My Lumix has a 3X zoom but the macro setting only works in the widest zoom position so these series of shots are at the widest zoom setting. If your camera can still focus in macro mode within about 6″ of the front of the lens when zoomed out then try zooming out for this tutorial. Otherwise, just do what I did and play with the distance to the lights (I was only 4-5′ away from this small section of lights- 10-12′ is likely a better distance from a full-on Christmas tree).

Step 6: Focus on something small up as close to the front of the camera lens as possible (half press and HOLD of the shutter button only-do not take the picture yet).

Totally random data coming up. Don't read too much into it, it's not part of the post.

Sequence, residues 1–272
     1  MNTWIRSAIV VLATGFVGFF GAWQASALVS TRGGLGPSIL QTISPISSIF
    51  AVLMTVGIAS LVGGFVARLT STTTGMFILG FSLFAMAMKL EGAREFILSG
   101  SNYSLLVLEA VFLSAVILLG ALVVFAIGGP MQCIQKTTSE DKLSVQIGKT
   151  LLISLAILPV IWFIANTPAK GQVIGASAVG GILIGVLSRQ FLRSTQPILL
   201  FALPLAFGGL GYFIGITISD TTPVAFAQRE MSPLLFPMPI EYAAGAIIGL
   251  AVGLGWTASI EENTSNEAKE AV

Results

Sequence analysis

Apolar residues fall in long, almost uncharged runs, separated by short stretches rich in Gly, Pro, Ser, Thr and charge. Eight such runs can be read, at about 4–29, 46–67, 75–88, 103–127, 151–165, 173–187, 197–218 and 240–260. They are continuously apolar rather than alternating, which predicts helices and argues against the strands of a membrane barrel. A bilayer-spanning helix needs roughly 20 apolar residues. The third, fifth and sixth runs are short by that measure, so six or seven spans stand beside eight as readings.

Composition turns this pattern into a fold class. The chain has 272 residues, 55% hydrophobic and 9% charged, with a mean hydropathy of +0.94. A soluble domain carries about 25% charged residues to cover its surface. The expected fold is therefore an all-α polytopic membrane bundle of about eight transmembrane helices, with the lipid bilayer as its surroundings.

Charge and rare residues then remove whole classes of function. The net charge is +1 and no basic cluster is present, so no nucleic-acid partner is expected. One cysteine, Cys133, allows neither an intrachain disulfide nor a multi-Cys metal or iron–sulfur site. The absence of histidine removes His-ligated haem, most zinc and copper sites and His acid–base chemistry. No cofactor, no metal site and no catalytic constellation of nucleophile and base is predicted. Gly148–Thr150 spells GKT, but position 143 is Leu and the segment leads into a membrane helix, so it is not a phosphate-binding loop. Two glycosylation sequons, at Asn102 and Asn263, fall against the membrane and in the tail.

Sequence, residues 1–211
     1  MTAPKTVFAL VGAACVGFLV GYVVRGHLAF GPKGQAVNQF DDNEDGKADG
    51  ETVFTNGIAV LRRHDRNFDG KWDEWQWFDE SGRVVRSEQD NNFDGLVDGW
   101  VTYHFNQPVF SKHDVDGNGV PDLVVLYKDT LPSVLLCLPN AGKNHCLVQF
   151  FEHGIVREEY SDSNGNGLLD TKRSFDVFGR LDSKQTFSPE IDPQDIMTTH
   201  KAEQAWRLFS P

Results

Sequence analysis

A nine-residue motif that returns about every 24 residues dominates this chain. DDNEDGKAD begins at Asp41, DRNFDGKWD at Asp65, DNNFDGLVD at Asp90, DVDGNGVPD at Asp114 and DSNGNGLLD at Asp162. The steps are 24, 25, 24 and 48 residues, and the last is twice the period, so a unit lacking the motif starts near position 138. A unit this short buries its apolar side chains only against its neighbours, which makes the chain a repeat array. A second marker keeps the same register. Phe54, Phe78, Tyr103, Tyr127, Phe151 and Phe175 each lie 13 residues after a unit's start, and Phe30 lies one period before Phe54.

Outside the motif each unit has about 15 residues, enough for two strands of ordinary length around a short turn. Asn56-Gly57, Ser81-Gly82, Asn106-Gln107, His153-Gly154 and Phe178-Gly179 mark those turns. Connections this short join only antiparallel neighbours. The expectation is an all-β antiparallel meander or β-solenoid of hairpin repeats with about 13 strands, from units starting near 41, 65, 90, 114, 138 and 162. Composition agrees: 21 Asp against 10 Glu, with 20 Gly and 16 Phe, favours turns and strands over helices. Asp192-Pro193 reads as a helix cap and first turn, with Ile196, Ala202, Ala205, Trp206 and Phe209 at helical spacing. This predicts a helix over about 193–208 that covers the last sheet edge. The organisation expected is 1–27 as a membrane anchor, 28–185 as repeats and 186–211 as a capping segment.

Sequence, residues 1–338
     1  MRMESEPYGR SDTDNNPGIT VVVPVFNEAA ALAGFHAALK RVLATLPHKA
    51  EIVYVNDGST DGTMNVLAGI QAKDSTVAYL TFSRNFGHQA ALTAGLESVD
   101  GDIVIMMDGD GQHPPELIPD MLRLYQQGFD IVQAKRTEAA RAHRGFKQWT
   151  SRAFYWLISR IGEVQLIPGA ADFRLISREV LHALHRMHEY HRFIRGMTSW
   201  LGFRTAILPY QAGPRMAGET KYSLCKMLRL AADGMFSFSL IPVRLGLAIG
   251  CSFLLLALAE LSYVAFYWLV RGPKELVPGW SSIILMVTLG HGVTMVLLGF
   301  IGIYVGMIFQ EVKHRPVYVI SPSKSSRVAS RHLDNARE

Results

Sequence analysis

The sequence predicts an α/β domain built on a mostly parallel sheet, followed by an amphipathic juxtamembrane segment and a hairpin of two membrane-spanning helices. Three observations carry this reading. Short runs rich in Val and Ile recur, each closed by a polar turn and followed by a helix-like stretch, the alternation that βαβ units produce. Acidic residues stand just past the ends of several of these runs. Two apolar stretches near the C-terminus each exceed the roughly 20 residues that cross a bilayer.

focus the camera

Here I’m using the stick from a Dum Dums lollipop. I like the sucker stick because it is small and white but its round shape provides enough highlight and shadow for the contrast detect auto focus to lock onto it. If you use your finger the camera will have difficulty focusing and the exposure will likely be blown out. Since PhD cameras lock exposure and focus at the same time, the trick here is to pre-focus on something very small in the foreground while not blocking too much light from the background and ruining the exposure of the bokeh.

Step 7: Move the foreground object from in front of the camera and fully depress the shutter button to take the picture.

pocket camera bokeh